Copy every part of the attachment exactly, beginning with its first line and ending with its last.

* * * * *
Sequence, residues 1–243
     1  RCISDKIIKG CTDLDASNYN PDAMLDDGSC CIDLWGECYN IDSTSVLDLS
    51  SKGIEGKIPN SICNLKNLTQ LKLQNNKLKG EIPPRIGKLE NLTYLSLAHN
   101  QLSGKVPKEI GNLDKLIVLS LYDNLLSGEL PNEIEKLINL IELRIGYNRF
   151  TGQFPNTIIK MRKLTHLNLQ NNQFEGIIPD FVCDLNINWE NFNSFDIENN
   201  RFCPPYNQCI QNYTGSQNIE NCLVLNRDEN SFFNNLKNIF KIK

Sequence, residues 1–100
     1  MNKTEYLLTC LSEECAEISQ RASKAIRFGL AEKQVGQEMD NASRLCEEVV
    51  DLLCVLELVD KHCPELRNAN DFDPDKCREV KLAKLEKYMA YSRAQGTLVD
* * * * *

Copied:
Sequence, residues 1–243
     1  RCISDKIIKG CTDLDASNYN PDAMLDDGSC CIDLWGECYN IDSTSVLDLS
    51  SKGIEGKIPN SICNLKNLTQ LKLQNNKLKG EIPPRIGKLE NLTYLSLAHN
   101  QLSGKVPKEI GNLDKLIVLS LYDNLLSGEL PNEIEKLINL IELRIGYNRF
   151  TGQFPNTIIK MRKLTHLNLQ NNQFEGIIPD FVCDLNINWE NFNSFDIENN
   201  RFCPPYNQCI QNYTGSQNIE NCLVLNRDEN SFFNNLKNIF KIK

Sequence, residues 1–100
     1  MNKTEYLLTC LSEECAEISQ RASKAIRFGL AEKQVGQEMD NASRLCEEVV
    51  DLLCVLELVD KHCPELRNAN DFDPDKCREV KLAKLEKYMA YSRAQGTLVD